There's no place like Home

Flying is different than in the USA

by Art on

Downwind for Sharm el Sheikh, Egypt I've spent a fair amount of time detailing the places we've visited so far on this journey, the tours we've been on and the wonderful food we've experienced however with this post I'd like to write something up for the pilots out there who maybe are wondering what it's like to fly your own airplane over here. Short story, easily doable by any competent IFR pilot who can read a Jeppesen chart, navigate and can deal with accents. If you are committed to using NOS charts in the US and have shunned Jeppesen charts in the past, you will find yourself way behind the eight-ball over here as NOS charts are not available and if you bet on a routing staying the same as you planned it you are in for a big surprise once in a while (can you say "stand by for amended clearance"?).

First of all, the planning is like any IFR flight you'd do in the US in that we pull up Flight Star and take a look at the routing options between where we are and where we want to go. We look over the SIDs and STARs and come up with something that makes sense. Once a route is selected the Air Journey folks, back in the US, try to validate the route to see if we can avoid a surprise when we call for a clearance. For the airplanes that have the range we often fly a 1200 nm leg to avoid stopping for fuel along the way as every time you land you rack up fees for landing, handling, fueling, etc. It's wonderful to have the PC-12 as we cruise along in the flight levels snacking and enjoying the view. It's the old 'tortoise and hare' scenario. Short legs, faster planes get there first, longer legs we smoke on by as they have to stop. Speaking of flight levels, it's been a real boon to have RVSM on this journey as the airspace is handled differently above FL285 and we have gotten our routing and requests for direct a lot more than people flying lower. Also, flying at FL290, we are burning a miserly 48 gallons/hour and have 8+ hours of range. Others on this journey are much more limited.

On the ramp in Istanbul, Turkey On departure day, when we get to the airport, we have to spend some time clearing customs, having our baggage and carry-on x-rayed (yeah, I know I look like a thug who may try to hijack my own airplane with my pocketknife at my throat but hey, gotta do the local mambo to make them happy). Once we get out to the airplanes we load up the luggage and call for our clearance and startup (you can't just start your engines when you want over here but you must call for permission first). Sometimes we have departure slots where each airplane is scheduled to depart 15 minutes or so apart. This is done mostly in non-radar environments but we've also run into this at major airports with radar too. The clearance is not like what we get in the US as a lot of the time our flight plan was fully accepted into the system the night before and all they hand us when we call in is the runway in use as well as a SID (standard instrument departure) and a transponder code. Without anything else we have to assume we fly the route we put on the flight plan. You need to be able to handle a SID by yourself as they assume you can read and follow the instructions without any handholding.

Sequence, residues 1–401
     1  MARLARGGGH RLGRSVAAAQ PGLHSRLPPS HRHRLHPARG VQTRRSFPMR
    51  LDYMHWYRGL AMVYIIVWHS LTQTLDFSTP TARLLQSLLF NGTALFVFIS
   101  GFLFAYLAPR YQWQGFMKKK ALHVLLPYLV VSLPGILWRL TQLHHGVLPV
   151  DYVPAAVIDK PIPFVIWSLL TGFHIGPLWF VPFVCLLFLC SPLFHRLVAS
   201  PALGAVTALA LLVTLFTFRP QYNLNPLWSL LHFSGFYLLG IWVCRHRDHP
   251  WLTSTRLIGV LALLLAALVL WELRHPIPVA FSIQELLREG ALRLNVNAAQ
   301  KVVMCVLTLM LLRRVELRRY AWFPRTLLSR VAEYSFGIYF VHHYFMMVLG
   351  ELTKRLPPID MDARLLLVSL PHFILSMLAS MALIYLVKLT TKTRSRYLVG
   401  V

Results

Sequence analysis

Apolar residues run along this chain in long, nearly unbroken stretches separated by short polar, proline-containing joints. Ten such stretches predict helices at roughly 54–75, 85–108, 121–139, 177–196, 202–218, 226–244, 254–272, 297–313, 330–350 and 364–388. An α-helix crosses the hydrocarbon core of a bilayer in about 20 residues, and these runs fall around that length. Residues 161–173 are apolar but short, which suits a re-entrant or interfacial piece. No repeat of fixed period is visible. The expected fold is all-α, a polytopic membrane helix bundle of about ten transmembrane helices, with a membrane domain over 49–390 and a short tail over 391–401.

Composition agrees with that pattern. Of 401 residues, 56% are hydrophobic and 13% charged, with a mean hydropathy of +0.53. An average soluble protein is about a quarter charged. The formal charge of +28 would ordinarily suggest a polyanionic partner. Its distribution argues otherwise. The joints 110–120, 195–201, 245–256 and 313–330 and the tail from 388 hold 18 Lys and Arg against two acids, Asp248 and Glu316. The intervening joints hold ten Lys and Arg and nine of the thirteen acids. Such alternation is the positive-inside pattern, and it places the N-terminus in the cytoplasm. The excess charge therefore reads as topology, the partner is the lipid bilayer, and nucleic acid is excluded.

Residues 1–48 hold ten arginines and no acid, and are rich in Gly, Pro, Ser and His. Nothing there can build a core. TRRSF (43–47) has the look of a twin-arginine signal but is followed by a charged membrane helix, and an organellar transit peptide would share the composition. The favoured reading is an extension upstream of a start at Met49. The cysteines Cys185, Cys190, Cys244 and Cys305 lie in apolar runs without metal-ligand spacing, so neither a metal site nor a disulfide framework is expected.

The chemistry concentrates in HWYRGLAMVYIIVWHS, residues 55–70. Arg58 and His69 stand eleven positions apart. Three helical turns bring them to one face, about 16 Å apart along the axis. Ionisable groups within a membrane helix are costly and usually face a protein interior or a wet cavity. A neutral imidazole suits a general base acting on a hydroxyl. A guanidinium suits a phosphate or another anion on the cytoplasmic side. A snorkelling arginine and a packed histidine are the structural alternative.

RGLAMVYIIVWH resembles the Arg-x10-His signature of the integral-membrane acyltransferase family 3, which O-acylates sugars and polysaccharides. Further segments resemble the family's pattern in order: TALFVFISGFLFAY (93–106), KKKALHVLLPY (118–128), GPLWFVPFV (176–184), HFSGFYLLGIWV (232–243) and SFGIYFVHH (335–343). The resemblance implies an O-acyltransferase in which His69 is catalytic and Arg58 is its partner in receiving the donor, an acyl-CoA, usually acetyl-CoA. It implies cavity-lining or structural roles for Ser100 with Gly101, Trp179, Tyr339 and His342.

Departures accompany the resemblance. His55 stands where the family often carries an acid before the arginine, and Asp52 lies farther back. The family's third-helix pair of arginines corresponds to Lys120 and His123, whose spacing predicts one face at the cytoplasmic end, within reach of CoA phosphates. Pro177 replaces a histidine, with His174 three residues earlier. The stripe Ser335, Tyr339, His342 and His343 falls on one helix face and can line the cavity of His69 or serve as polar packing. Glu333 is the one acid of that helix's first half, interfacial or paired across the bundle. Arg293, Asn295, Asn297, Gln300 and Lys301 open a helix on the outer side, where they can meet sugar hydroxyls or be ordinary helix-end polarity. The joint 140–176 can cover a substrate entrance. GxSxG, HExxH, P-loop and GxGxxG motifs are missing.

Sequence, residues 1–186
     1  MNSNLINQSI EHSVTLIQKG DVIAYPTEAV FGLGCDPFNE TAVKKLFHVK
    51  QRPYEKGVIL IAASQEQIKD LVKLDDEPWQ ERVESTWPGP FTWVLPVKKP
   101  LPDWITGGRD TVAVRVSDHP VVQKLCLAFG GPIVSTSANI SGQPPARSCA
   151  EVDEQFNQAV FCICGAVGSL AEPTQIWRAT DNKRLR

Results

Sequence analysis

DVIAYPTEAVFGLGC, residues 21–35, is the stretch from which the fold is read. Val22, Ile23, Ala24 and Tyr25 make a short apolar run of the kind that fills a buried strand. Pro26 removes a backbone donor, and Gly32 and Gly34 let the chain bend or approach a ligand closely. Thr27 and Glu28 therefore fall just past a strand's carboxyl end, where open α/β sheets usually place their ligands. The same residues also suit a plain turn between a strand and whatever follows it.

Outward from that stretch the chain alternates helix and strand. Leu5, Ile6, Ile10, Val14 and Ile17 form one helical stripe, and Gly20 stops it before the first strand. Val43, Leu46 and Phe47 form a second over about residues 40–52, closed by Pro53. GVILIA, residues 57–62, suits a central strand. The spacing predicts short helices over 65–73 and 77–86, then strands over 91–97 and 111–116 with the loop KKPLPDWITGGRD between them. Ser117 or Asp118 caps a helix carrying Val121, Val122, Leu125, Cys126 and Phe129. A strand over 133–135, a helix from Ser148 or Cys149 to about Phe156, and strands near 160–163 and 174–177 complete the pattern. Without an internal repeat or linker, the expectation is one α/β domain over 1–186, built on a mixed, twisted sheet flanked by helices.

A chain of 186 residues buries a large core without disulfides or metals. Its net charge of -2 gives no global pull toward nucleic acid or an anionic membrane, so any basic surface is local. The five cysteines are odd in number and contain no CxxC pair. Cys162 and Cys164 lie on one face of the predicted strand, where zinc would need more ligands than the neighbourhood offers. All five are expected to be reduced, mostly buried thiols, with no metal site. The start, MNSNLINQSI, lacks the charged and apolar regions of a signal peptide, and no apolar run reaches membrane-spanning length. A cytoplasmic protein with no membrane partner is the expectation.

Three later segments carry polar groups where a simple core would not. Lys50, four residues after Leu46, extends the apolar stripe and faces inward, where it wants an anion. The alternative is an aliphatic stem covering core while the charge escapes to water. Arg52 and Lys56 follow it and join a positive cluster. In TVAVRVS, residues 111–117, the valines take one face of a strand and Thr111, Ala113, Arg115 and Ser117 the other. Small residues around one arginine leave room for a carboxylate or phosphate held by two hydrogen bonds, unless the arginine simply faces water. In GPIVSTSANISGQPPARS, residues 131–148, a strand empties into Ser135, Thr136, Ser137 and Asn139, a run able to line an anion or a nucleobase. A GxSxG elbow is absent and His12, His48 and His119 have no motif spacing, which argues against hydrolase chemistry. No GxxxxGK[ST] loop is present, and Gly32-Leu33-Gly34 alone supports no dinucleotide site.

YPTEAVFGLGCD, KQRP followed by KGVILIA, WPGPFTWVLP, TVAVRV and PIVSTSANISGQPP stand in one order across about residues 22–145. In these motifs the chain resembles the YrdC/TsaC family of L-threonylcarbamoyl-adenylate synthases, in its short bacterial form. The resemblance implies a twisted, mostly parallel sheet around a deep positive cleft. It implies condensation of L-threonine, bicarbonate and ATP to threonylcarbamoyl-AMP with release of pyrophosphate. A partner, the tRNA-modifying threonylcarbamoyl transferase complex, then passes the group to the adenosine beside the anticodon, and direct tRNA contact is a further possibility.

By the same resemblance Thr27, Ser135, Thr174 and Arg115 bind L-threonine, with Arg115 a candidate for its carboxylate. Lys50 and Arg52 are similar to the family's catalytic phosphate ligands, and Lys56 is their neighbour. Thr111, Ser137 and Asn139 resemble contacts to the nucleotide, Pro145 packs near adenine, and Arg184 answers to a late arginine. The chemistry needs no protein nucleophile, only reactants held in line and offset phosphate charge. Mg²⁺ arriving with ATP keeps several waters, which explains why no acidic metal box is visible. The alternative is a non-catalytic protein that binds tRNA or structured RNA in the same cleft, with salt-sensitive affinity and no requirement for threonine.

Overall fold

On the way down the Sinai Pennisula Along the way, things go fairly well as the traffic levels are far below that found in the US so we don't get re-routes very often. For the most part, everyone has spoken very good English but the accents sometimes trip you up. You need to put in all the intersections along your route as they will either clear you to one or ask you to report reaching one so it better be handy. Instead of expecting ATC to give you descents you have to ask when you want to go down.

As we are a group of five airplanes arriving fairly close to each other at our destination sometimes we have to adjust speeds, do 'S' turns, etc. to keep us separated for the arrival controller. So far no one has had to do a hold anywhere but stay tuned as we head into India. What is interesting is that even in good VFR conditions they still give you the full instrument approach. You have to be careful whether to accept this as some places charge for the ILS (in Inverness, Scotland it was 20 euros!). We clued into this early in the game and ask for the visual approach instead.

Captain Art After we land we generally have a handler on the ground to marshal us into a parking area and the fuel truck comes over (we like fueling when we land rather than upon departure in order to cut down on the hassle on the morning we leave). No one has Prist mixed in so we need to be there to put it in ourselves. I was fortunate to have Pilatus US send along some Pilatus trinkets (key chains, pins, stickers, brochures) and the local line guys and FBO handlers are most appreciative of getting some 'goodies'. It helps to promote Pilatus around the world too so I'm happy to help out. Sometimes there's a real FBO and most times not. At any rate customs has been a non-issue so far (they just look at the passport, stamp and pass us through) and baggage is not a problem either. In fact, the worst customs and baggage hassles will of course be back in the US when we return. Having professional handlers waiting at every stop is essential when doing this kind of flying (although expensive).

A note about uniforms. We are all wearing pilot's shirts, bars and black pants with black shoes. Professionalism is respected over here and everyone calls you 'captain'. Wearing the uniform pushes us to the front of the customs and baggage handling lines and generally expedites us through the bureaucracy. We also have ID tags with our photos as well. I have to admit, I do feel like John Travolta wearing this silly thing and the stupid hat! More when we get to India and beyond!

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